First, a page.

Monday, April 03, 2006

Hunters, The True Saviors Of Wildlife

Just one specific example of how hunting maintains wildlife, and wildlife habitat.

Federal Migratory Bird Hunting and Conservation Stamps, commonly known as “Ducks Stamps,” are pictorial stamps produced by the U.S. Postal Service for the U.S. Fish & Wildlife Service. They are not valid for postage. Originally created in 1934 as the federal licenses required for hunting migratory waterfowl, Federal Duck Stamps have a much larger purpose today.

Federal Duck Stamps are a vital tool for wetland conservation. Ninety-eight cents out of every dollar generated by the sales of Federal Duck Stamps goes directly to purchase or lease wetland habitat for protection in the National Wildlife Refuge System. Understandably, the Federal Duck Stamp Program has been called one of the most successful conservation programs ever initiated and is a highly effective way to conserve America’s natural resources.

Besides serving as a hunting license and a conservation tool, a current year’s Federal Duck Stamp also serves as an entrance pass for National Wildlife Refuges where admission is normally charged. Duck Stamps and the products that bear duck stamp images are also popular collector items.

In 1989, the first Junior Duck Stamps were produced. Junior Duck Stamps are now the capstone of the U.S. Fish & Wildlife Service’s Junior Duck Stamp environmental education program, teaching students across the nation “conservation through the arts.” Revenue generated by the sales of Junior Duck Stamps funds environmental education programs in all 50 states, the District of Columbia, and 2 territories (American Samoa and the Virgin Islands).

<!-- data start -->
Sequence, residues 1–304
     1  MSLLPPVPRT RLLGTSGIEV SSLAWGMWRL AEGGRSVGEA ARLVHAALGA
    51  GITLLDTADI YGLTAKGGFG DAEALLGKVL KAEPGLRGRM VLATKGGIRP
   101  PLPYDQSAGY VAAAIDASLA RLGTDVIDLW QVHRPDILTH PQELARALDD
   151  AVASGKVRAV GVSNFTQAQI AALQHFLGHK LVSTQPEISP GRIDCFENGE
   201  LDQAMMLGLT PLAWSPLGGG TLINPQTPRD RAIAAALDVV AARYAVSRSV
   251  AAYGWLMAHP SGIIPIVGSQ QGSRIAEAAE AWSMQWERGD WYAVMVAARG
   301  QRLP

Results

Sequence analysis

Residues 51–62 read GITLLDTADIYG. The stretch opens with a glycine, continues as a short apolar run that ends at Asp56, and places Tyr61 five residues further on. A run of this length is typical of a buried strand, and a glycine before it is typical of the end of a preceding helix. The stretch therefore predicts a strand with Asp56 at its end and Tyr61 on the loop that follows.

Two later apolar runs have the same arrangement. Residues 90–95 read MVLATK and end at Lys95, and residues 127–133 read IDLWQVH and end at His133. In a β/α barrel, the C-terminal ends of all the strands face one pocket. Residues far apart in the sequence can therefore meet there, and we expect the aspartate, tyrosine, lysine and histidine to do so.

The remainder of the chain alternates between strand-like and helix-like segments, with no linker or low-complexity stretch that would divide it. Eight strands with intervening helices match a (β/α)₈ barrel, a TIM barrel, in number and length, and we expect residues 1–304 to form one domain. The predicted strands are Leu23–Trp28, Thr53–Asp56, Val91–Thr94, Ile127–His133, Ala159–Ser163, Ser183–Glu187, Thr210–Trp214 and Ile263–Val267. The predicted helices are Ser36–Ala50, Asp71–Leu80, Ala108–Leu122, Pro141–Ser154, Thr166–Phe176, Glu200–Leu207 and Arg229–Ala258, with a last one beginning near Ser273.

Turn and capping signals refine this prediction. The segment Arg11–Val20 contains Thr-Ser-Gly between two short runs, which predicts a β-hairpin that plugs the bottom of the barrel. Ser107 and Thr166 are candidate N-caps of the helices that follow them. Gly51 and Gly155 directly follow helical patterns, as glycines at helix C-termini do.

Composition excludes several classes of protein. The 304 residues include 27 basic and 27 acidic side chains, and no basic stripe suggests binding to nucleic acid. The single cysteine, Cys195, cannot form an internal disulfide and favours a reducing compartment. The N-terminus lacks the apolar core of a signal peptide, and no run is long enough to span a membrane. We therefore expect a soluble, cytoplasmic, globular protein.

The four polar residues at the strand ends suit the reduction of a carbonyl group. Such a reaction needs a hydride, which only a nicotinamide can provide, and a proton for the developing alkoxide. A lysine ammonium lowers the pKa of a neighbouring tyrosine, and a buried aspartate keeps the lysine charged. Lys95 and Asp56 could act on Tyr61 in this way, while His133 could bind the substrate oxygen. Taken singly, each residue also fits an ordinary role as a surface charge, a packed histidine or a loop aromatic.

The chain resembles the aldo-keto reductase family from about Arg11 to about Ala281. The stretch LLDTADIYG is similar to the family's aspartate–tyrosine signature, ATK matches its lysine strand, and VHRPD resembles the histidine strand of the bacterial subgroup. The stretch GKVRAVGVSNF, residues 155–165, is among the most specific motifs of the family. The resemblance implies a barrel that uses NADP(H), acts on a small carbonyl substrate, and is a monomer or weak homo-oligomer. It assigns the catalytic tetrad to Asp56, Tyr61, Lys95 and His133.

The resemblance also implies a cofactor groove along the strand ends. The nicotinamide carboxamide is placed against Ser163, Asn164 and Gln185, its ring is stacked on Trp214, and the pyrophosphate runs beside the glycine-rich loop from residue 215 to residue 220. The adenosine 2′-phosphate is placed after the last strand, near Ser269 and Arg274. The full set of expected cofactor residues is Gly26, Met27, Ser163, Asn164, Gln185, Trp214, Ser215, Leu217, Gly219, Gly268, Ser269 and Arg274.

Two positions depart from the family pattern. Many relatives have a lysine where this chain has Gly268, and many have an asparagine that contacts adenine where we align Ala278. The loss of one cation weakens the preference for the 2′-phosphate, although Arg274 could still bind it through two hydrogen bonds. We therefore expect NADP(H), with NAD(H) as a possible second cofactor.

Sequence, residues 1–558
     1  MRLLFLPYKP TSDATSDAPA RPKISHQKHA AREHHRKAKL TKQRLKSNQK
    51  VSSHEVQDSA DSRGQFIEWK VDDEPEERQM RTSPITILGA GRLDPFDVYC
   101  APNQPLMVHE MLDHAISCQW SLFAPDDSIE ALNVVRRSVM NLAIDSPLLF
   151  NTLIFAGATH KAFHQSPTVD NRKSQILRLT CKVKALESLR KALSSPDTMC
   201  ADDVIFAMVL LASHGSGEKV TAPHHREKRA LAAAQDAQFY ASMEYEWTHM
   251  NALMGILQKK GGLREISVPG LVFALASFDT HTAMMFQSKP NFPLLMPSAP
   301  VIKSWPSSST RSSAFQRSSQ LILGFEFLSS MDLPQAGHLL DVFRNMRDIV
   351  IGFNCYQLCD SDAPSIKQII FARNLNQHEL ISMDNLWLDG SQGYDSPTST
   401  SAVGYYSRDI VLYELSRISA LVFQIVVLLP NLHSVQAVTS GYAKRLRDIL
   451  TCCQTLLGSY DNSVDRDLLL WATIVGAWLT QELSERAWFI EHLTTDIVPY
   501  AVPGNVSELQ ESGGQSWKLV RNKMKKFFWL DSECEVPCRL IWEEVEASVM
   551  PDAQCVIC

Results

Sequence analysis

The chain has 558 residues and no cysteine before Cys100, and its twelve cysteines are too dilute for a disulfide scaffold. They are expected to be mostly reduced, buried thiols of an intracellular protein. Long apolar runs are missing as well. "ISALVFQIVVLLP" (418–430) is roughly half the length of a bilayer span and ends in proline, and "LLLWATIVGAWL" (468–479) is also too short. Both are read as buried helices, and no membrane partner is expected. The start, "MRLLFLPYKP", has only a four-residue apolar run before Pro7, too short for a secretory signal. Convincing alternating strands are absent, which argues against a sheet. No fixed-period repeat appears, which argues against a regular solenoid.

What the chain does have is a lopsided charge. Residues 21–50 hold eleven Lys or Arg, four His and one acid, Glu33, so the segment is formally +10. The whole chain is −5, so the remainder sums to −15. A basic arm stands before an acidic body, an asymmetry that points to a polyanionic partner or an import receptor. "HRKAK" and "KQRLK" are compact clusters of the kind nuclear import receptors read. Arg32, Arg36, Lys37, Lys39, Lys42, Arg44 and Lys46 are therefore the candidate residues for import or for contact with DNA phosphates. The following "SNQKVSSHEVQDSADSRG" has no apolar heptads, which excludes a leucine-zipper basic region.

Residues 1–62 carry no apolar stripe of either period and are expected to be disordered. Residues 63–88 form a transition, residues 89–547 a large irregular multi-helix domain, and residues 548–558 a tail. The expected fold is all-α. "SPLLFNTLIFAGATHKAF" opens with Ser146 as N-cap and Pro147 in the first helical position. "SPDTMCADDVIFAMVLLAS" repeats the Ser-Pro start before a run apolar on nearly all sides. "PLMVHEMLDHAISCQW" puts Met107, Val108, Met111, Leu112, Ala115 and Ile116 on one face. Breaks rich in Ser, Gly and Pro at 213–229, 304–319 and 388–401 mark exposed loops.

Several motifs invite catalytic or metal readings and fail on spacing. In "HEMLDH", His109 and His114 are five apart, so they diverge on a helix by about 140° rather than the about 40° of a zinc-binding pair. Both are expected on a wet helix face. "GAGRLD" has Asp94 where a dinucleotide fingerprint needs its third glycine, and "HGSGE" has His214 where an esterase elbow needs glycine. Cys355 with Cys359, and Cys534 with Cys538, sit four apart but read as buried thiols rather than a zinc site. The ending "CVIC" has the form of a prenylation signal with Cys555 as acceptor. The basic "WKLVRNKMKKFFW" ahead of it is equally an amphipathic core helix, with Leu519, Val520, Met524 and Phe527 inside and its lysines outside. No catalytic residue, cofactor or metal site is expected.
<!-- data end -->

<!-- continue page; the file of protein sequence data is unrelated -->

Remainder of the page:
Today, many states also issue their own versions of duck stamps. In some states, the stamps are purely a collector’s item, but in others, the stamps have a similar role in hunting and conservation as federal duck stamps.

How do Duck Stamps benefit wildlife?

Since 1934, the sales of Federal Duck Stamps have generated more than $670 million, which has been used to help purchase or lease over 5.2 million acres of waterfowl habitat in the U.S. These lands are now protected in the U.S. Fish & Wildlife Service’s National Wildlife Refuge System.

Waterfowl are not the only wildlife to benefit from the sale of Federal Duck Stamps. Numerous other bird, mammal, fish, reptile, and amphibian species that rely on wetland habitats have prospered. Further, an estimated one-third of the Nation's endangered and threatened species find food or shelter in refuges established using Federal Duck Stamp funds.

People, too, have benefited from the Federal Duck Stamp Program. Hunters have places to enjoy their hunting heritage and other outdoor enthusiasts have places to hike, watch birds, and visit. Moreover, the protected wetlands help purify water supplies, store flood water, reduce soil erosion and sedimentation, and provide spawning areas for fish important to sport and commercial fishermen.

Source: The Federal Duck Stamp